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Palo Alto IPO could spell big trouble for Juniper and Cisco

Application-aware firewall vendor Palo Alto Networks has filed for an IPO that could signal big competitive trouble for Cisco and Juniper Networks.

Though Palo Alto has not yet turned a profit (the company reported a loss last year of $12.5 million), it more than doubled revenue to $119.6 million in 2011 from $48.8 million in 2010.

Many believe that growth came from customers that couldn’t find comparable features in Cisco and Juniper products and jumped ship. Blogger Brad Reese points out that while Palo Alto’s revenues soared +141% in the six months ending January 31, Cisco saw a revenue increase in the same time period of only +7.7%.

If Palo Alto’s gains have been direct losses for Cisco and Juniper, things only stand to get worse if Palo Alto goes public. After all, many large enterprises are hesitant to invest millions in a company that isn’t public and financially stable.

No one is going to spend $20 million on a product from a company that isn’t public,” said one engineer at a multinational consulting firm, who recently made an initial Palo Alto test investment. “When I went to do a first pass [on buying firewalls], it was a half million bucks. It’s a big commitment to change a firewall product. You’re signing on for a long-term relationship with subscription services in addition.”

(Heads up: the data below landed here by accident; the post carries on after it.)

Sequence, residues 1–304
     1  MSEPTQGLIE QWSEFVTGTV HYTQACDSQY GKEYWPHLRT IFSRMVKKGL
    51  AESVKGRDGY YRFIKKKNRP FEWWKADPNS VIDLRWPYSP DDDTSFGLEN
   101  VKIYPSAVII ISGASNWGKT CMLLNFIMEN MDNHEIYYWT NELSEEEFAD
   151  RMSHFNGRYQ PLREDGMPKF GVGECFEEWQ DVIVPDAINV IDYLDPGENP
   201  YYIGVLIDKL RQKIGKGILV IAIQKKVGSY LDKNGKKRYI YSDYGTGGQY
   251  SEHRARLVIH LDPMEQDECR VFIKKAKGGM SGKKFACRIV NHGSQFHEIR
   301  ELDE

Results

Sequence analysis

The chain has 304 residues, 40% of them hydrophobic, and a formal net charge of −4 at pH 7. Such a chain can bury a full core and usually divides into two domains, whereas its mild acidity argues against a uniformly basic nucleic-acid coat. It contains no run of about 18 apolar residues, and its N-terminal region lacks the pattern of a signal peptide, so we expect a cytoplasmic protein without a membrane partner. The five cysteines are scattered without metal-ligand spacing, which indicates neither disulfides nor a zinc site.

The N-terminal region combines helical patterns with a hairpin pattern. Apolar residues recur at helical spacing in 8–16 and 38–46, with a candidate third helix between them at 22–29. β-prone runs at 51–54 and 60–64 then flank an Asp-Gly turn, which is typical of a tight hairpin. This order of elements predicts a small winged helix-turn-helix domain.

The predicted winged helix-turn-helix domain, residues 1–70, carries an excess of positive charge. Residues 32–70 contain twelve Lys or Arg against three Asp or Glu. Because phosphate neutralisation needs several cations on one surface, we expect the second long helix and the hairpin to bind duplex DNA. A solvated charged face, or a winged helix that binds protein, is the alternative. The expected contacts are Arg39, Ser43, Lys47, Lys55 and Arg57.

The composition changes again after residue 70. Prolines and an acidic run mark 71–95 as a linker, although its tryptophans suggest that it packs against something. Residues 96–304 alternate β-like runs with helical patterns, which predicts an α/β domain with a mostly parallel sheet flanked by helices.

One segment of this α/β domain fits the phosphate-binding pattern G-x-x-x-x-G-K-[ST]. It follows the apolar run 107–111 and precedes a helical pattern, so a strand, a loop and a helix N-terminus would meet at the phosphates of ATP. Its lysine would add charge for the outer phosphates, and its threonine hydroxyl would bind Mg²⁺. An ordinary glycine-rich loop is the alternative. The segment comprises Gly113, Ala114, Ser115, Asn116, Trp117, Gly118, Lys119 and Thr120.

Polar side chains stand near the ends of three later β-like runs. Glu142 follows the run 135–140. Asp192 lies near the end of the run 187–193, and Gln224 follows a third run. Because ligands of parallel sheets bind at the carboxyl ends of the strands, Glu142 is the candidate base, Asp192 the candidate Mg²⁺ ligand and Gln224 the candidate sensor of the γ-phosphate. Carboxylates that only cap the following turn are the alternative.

Even more threatening to Cisco and Juniper is that this engineer – like others – have found Palo Alto technology superior to the competition.

When I told the the other vendor that I wanted IDS, antivirus and content inspection, they looked at me like I had three heads. When I said that to Palo Alto, they said, ‘of course you would do that, why wouldn’t you?’” he said. “If you look at performance statistsics on a box from another vendor, they tell you what the performance is on a per-service basis, but they don’t tell you what happens when you turn all services on. That’s not the case with Palo Alto.”

That’s likely because Palo Alto has created next-generation, application-aware firewalls from the jump — never having to adapt legacy technology to do new tricks. The company was founded in 2005 by Nir Zuk, who had been CTO at NetScreen before it was acquired by Juniper. As some tell it, Zuk went to the Juniper board with the message that firewalls had to become application-aware. Juniper eventually followed that advice, but not soon enough for Zuk, who founded a company based on the idea that next generation firewalls should offer application-level monitoring with transaction detail and constantly updated signatures. Since then, Gartner has dubbed next-generation firewalls as mainstream and Cisco recently announced the launch of an application-aware firewall. Juniper has also announced similar features. It remains to be seen whether the more established vendors can catch up.

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